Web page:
Ryan calls for unity among Republicans
"Whenever Republicans lose an election, a factional dispute arises about economic issues versus moral or social issues. Traditionalists and libertarians blame each other, each claiming Republicans would do better without the other," said Ryan, the Janesville lawmaker.
"Why anyone would think a minority could grow into a majority by splitting itself in half is a political and mathematical mystery to me," he said.
Ryan was one of two Midwestern conservatives featured at the gathering, hosted by the Hudson Institute's Bradley Center for Philanthropy and Civic Renewal, which is funded by Milwaukee's Bradley Foundation. The other was Indiana Gov. Mitch Daniels.
Both men are popular in the conservative movement and regarded as good political models by fellow Republicans. Daniels has been touted as a potential presidential candidate in 2012, but he ruled that out here Wednesday.
Daniels said conservatives need to be activist, aggressive and experimental in their ideas but friendlier in tone. He skeptically noted President Barack Obama's much-discussed desire for "empathy" in a Supreme Court nominee. But the governor said that in the political and public-policy debate, empathy is a quality that the right needs to display.
"The ability to put oneself in the place, and to feel deeply about, the concerns and the hopes and the dreams and the fears of other people is something that must be visibly a part of what we do," said Daniels, adding that conservatives have to "assert with credibility that we understand what is going on in the lives of everyday people."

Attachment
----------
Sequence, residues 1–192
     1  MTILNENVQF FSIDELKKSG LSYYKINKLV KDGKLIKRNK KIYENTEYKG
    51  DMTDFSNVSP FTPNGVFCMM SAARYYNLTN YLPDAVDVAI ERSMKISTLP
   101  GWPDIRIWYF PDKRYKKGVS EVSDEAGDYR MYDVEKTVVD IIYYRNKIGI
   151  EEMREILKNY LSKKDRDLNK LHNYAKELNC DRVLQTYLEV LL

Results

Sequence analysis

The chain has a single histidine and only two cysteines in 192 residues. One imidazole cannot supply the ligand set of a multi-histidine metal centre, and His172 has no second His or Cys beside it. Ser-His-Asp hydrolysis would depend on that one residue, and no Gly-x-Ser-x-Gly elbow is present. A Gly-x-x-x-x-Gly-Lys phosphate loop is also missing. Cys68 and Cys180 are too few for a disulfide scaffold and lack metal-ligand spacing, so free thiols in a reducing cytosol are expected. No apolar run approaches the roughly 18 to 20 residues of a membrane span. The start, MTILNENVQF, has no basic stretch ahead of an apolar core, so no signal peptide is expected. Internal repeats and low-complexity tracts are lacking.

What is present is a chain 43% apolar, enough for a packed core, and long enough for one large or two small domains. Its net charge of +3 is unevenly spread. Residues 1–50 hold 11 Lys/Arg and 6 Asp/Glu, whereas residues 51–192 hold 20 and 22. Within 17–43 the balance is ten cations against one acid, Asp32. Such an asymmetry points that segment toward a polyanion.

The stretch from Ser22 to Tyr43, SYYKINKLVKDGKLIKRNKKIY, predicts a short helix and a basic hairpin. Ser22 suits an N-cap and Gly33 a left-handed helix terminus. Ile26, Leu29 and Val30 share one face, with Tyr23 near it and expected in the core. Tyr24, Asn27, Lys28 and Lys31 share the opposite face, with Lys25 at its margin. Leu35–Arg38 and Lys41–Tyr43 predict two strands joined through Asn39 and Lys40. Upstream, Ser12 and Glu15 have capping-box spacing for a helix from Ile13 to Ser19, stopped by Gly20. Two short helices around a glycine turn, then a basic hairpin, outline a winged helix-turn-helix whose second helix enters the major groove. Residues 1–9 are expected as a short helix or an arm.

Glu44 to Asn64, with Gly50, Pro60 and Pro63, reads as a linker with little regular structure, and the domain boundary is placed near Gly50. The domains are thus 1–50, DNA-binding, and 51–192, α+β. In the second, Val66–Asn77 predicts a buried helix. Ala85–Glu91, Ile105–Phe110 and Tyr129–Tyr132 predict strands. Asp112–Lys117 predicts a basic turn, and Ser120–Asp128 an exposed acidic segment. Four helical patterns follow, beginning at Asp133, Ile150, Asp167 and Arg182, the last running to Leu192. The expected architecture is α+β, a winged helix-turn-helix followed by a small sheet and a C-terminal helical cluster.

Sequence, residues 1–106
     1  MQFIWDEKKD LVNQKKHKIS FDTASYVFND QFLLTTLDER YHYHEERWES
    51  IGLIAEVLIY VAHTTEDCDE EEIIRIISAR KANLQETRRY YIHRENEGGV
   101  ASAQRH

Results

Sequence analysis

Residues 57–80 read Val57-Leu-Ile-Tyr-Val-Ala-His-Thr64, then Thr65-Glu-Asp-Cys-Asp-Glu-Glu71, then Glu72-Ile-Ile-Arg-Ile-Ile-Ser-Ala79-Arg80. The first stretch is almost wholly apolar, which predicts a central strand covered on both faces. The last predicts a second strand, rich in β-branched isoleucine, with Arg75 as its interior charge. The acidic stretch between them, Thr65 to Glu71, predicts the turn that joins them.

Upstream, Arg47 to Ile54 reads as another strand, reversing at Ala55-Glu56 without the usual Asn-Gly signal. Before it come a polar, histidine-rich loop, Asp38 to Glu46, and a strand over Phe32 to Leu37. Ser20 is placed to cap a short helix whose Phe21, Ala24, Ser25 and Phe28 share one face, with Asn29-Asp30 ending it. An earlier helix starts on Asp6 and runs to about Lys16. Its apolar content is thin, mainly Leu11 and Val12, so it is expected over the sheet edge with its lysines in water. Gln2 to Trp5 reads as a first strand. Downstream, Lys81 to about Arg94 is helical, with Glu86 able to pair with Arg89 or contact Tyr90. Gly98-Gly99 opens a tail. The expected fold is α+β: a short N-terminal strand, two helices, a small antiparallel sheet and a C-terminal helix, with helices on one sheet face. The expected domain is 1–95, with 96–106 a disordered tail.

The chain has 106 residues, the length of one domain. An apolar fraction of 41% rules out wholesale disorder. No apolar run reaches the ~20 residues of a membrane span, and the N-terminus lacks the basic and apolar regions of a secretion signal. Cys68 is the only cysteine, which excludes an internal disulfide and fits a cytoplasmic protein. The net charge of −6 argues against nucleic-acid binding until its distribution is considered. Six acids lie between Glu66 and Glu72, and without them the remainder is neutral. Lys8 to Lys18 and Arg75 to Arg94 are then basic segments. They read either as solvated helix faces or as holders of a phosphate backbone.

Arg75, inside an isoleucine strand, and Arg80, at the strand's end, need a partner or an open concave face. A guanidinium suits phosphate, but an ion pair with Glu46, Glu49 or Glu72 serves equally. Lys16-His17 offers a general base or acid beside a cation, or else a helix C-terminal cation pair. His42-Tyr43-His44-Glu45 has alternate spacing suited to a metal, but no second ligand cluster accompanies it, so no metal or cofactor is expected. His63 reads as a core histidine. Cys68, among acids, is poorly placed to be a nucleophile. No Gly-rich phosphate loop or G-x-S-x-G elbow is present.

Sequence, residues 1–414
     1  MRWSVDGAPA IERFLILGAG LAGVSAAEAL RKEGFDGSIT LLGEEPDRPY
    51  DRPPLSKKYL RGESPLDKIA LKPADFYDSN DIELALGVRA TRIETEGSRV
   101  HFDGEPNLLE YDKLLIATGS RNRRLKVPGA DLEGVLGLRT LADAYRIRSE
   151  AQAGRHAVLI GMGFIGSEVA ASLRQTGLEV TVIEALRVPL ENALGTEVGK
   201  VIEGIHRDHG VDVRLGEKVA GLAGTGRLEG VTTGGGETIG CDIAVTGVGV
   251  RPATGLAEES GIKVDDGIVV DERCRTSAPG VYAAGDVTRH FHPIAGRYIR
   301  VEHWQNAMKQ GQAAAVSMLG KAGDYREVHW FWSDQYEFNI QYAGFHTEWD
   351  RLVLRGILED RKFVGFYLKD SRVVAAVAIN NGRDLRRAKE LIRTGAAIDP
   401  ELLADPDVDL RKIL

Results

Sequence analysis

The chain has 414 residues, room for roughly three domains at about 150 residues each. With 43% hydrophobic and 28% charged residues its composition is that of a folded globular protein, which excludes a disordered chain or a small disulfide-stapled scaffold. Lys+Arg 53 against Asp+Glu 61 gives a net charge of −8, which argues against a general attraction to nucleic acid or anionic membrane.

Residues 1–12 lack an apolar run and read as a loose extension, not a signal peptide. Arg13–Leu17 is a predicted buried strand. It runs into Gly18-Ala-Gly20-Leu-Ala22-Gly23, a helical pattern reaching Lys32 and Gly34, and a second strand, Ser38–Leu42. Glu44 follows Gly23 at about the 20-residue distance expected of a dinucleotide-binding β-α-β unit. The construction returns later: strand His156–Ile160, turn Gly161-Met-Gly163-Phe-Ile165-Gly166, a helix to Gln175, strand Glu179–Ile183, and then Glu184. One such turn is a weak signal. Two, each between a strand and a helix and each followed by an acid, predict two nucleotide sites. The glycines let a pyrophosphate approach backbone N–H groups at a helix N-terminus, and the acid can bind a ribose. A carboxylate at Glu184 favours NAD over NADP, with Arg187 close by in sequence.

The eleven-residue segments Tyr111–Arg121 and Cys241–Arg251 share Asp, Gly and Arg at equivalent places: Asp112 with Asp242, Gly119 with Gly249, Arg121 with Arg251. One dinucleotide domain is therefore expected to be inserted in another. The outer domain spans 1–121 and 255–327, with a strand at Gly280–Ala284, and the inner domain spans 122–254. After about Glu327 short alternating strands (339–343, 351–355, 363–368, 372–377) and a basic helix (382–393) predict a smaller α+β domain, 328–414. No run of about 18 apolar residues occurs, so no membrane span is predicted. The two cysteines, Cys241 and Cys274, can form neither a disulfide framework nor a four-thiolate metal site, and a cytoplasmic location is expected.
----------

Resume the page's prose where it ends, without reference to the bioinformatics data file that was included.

The stated theme of the event was "Making Conservatism Credible Again," part of a running conversation on the right about the lessons of the GOP's election defeats and the future of the movement.
Like other gatherings of its kind, it featured a mix of horror about the Obama agenda (spending, deficits, government ownership of car companies); faith that conservative principles remain popular with the public; confidence that Democrats are overreaching; anxiety about how long it will take to come back politically; and gallows humor about the plight of the GOP.
A far larger gathering on the left was held this past week in Washington, an annual conference of liberal activists organized by the Campaign for America's Future. According to a straw poll, 90 percent of those in attendance approved of the president's performance, 3 percent viewed Rush Limbaugh favorably, and more than 80 percent backed an investigation of the fraud and excesses of Wall Street.
At the conservative event, meanwhile, Ryan lamented what he described as the threat to Western civilization posed by the erosion of market freedoms, and Daniels decried the "shock-and-awe statism of the last few months."
Daniels said conservatives need to be single-minded about addressing their political arguments to young voters, who voted overwhelmingly for Obama in the last election. He cited as one example the "terrifying deficits" in the Democratic budget and "the threat that poses to every young person in this country."
On the issue of immigration, a divisive one within the GOP, Daniels said it was vital to push newcomers to assimilate and speak English.
But he added: "I think it's a grave, grave mistake to act as though … in any way becoming a more multi-ethnic society is a threat to America. It's a reality, and it can be the strength of America as it's always been, if we embrace it."